Exploring Greece Beyond the Islands

Exploring Greece Beyond the Islands

The Greek islands tend to steal the spotlight but there’s much to be said when it comes to mainland Greece travel with peaceful coves home to idyllic beaches along the coast, fascinating archaeological sites, and exciting cities with rich ancient history, all far from the crowds of Santorini and Mykonos. The mainland is wonderfully diverse, home to some of the country’s most remarkable places from Athens to Meteora. Apart from certain destinations like the capital city and its world-famous Parthenon, most of this region is not well known. Visitors are often surprised to learn that it not only has lots of mountains but ski resorts too. An incredibly enticing mix of memories to make is waiting. Get ready to discover and fall head over heels with a country you never really knew existed by exploring beyond the islands, experiencing everything from top Greek mainland attractions to off-the-beaten-path mainland destinations. 

Athens in the sunset


Just about everyone is familiar with Athens, an iconic destination and a must-visit for any Greece itinerary, a natural place to start with most travelers arriving into Athens International Airport. Athens offers an intriguing blend of old and new with classical architecture and contemporary culture. It’s the cradle of Western civilization, with some of the world’s most well-known wonders, including the 5th-century Parthenon and other remarkable monuments on Acropolis hill that can be seen from practically every vantage point in the city. 

Follow in the footsteps of ancient Greeks like Plato and Socrates as you stroll through the ancient Agora, and then explore a thriving arts and crafts scene, with pottery workshops, antique markets, and impressive murals. You might head to the Parliament building on Syntagma Square to watch the Changing of the Guards before ending with a sunset and an Acropolis view from one of the many rooftop bars and eateries. 

Delphi ruins in the summer


Nestled at the base of Mount Parnassus just over 100 miles north-west of Athens, Delphi is a UNESCO World Heritage Site, widely regarded as the most important oracle in ancient Greece. Once revered as the center of the Earth, it was permanently shuttered in the late 4th century AD, but many of its structures are still visible today.

You’ll see the Treasure of Athens, the Theater of Delphi which offers a spectacular view of the landscape below, the Sanctuary of Apollo, and the Sanctuary of Athena, among many other monuments. The Delphi Archaeological Museum is located adjacent to the archaeological site and boasts a vast collection of artifacts that cover over a thousand years from the Mycenaean era that began in 1600 BC to Greco-Roman times. The Charioteer of Delphi is a highlight as one of the world’s most well-preserved classical bronze casts and one of the most well-known ancient Greek statues.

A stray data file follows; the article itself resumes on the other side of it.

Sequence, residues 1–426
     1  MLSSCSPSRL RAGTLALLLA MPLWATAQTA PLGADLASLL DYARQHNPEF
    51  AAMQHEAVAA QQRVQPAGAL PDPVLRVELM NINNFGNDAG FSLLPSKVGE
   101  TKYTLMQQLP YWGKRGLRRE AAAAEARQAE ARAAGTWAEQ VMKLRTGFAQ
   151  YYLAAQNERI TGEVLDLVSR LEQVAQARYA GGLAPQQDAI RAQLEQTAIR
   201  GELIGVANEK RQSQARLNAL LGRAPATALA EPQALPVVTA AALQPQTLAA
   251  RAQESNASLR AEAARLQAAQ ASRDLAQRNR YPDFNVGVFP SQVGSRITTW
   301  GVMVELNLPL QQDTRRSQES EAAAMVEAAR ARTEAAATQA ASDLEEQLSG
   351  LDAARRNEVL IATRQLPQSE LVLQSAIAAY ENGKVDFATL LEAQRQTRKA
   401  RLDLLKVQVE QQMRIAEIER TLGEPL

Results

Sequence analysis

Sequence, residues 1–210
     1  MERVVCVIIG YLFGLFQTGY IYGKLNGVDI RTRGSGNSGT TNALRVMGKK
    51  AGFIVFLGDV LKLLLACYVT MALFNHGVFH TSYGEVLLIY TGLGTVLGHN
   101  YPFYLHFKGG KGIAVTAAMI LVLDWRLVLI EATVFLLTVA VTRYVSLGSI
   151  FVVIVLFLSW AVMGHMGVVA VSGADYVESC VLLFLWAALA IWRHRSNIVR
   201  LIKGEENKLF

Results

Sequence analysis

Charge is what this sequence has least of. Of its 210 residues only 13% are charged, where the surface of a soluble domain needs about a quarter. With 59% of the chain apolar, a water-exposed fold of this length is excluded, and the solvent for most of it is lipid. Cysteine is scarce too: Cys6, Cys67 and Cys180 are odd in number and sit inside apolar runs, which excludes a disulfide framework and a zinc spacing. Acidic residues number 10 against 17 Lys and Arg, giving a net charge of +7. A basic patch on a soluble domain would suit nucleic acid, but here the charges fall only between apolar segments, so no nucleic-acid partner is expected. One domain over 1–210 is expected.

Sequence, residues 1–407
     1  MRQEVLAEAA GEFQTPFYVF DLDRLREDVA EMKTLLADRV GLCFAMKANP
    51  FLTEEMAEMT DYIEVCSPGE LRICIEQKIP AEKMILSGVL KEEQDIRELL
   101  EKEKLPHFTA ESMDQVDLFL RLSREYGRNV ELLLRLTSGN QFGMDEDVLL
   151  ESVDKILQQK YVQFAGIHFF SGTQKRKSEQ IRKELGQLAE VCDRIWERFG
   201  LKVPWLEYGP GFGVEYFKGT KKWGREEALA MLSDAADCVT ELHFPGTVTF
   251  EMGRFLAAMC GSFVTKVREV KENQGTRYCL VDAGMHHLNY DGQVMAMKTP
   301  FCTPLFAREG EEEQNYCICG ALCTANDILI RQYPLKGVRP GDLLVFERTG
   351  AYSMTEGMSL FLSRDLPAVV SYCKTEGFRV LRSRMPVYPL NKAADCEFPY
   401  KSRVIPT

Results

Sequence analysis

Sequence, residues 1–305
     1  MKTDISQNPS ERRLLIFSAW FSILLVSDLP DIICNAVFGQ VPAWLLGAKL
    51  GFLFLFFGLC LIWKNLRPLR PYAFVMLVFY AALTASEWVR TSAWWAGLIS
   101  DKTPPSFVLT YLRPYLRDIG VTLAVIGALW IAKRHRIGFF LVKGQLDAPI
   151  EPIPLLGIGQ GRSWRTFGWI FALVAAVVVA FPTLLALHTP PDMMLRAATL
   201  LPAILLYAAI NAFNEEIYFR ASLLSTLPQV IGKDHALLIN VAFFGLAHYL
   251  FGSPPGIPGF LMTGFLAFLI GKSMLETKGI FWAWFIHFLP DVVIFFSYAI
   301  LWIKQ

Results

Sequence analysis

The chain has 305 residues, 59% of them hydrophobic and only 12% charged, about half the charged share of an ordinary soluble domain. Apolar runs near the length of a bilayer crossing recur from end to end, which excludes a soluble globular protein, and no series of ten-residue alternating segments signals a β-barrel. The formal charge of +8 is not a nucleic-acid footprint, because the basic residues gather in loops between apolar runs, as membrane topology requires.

Nafplio mountains and shops and restaurants


Nafplio is one f the most photogenic towns on the Greek mainland. It’s tucked into a bay along the north-east coast of the Peloponnese peninsula, less than a two-hour drive from Athens. It offers an excellent array of museums and historical sites along with an impressive food and nightlife scene. Beautiful Karathona Beach, a seductive stretch with soft white and clear turquoise water hidden behind the rock of Palamidi is unforgettable.

Visit the Nafplio Archaeological Museum with artifacts tracing the development of Argolis to the Mycenean era. The highlight is the 15th-century BC bronze armor in the Dendra Panoply that was discovered in a chambered tomb with the rare, almost complete set of armor, made from bronze bands. Just wandering through Nafplio to marvel at its buildings constructed in a variety of architectural styles, including Ottoman, Byzantine, and Venetian. Top it off by climbing Palamidi Fortress for a panoramic view of the gulf.

Meteora valley sun


Meteora is one of the most popular Greek mainland attractions and one of the world’s largest Eastern Orthodox monastery complexes. It sits high atop rocky spires about four hours north-west of Athens with its name translating to “suspended in the air.”

The UNESCO-listed clifftop monasteries create a fantastical scene, rising over 1,200 feet and overlooking the villages of Kastraki and Kalambaka in the north-central part of the Greek mainland. The historic Eastern Orthodox monastic complex dates back to the 14th century and was built by monks who were seeking freedom from religious persecution and spiritual isolation. There were once two dozen monasteries here but just six remain active, inhabited by monks and nuns, which are what visitors come to see. Hiking is the way most people explore it with trails weaving up to each of the monasteries from the villages below, but it’s possible to make the ascent by car. 

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